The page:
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Want Environmental Changes? Get Employees and Supply Chain Involved

AMD is a technology provider focusing on computers and graphics. And while it no longer has manufacturing centers, it is now zeroing in on the environmental footprint of its suppliers.

It’s science-based target is to be 40% below the industry in which it operates, said Justin Merrill, the company’s sustainability director, before an Environmental Leader audience. It is to be 20% less than in 2020, from 2014, while improving energy efficiencies by 25% during that time.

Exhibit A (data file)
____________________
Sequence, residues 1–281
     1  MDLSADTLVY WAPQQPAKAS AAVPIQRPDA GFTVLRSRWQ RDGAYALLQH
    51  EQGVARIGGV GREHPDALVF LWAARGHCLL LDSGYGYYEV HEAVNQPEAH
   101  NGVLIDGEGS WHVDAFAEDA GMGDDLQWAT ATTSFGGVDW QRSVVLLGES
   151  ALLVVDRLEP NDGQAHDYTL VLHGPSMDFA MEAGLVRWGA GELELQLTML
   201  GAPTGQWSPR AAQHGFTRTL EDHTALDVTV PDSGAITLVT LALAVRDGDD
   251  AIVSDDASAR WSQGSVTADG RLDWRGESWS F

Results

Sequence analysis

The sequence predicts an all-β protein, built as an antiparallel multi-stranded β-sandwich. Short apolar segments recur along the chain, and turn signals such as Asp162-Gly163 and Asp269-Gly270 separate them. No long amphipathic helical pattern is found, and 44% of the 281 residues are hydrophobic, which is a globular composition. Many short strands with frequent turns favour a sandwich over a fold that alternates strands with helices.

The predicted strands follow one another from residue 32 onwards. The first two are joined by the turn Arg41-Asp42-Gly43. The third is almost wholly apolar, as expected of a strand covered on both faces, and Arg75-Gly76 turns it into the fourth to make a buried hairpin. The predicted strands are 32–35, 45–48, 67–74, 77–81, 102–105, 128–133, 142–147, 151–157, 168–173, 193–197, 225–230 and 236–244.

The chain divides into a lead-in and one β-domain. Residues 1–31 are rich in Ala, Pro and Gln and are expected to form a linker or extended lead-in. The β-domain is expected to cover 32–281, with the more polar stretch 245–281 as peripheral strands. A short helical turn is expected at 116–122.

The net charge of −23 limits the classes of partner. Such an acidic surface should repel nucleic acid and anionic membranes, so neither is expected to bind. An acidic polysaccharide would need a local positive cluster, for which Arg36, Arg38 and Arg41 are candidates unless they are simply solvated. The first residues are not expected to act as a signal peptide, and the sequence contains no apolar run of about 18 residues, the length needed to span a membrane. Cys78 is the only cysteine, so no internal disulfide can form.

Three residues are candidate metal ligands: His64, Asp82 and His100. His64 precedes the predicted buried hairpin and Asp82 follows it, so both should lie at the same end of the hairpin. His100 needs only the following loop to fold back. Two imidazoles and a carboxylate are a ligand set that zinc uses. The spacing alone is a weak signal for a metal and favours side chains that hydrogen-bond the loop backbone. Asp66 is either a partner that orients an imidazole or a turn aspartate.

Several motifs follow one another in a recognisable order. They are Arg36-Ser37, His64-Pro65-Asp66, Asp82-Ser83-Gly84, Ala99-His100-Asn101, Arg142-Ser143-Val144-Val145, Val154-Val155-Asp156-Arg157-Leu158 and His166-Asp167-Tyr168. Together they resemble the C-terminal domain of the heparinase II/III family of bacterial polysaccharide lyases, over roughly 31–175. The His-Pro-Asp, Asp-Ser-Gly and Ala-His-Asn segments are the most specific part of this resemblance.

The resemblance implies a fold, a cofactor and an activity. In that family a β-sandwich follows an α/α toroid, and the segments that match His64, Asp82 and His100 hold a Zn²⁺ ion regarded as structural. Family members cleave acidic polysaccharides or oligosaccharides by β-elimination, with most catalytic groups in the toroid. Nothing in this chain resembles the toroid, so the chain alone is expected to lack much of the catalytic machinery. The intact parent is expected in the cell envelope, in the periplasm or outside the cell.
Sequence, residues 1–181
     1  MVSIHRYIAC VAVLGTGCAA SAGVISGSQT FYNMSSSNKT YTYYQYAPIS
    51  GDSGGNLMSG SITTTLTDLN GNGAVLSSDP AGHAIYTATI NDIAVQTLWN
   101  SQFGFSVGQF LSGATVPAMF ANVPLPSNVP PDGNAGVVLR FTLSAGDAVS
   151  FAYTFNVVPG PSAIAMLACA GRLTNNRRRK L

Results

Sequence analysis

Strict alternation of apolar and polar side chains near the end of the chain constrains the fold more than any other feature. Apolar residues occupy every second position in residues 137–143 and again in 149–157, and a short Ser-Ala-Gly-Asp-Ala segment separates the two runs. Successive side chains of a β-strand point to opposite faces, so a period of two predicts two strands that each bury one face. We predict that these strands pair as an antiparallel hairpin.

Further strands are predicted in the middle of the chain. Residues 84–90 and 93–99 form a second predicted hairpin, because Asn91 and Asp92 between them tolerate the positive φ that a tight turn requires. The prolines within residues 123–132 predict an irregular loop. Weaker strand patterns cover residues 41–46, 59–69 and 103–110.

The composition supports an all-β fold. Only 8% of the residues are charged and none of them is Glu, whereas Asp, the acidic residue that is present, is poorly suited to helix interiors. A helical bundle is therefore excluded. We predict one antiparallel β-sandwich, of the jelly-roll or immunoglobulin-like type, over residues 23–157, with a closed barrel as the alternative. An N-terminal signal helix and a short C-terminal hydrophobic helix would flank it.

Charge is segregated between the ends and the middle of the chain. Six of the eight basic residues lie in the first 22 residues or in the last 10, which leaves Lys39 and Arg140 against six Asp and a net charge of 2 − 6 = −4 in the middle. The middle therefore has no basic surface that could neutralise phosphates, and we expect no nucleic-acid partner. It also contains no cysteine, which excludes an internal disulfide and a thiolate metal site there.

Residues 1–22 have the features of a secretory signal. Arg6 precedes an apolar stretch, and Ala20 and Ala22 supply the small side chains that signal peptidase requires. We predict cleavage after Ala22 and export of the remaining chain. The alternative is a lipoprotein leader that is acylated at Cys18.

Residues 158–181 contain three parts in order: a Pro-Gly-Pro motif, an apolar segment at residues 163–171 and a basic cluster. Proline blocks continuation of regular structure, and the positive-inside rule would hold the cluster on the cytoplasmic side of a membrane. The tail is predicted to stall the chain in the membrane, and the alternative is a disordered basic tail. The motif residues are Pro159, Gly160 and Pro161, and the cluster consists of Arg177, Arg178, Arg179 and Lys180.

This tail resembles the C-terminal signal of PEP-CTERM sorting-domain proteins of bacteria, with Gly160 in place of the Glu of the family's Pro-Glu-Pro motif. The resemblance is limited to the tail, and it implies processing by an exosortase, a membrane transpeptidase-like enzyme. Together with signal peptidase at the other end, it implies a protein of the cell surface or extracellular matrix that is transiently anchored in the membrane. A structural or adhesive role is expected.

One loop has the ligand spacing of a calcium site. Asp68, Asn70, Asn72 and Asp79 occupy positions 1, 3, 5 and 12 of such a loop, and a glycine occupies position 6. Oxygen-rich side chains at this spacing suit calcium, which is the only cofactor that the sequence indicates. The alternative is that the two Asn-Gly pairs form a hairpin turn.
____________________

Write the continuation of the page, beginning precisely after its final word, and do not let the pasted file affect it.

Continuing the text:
“We looked at the industry average and took that to our top suppliers and then said we want you to meet that,” Merrill said. “Every quarter we sit down with key suppliers. We incentivize that and we score that. Now we expand beyond top suppliers.”

What advice would you give to companies? “Get something in place and make progress. You can always refine that. But if we spend too long assessing, that is where a lot of momentum can be lost.”

“Have respect for people and their ideas,” added Ryan McMullan, environmental and safety manager at Toyota. “Go to where the work is being done. There is no best, only better. And don’t think you have the ultimate solutions or all the answers. You need employee engagement and gradual improvements.”

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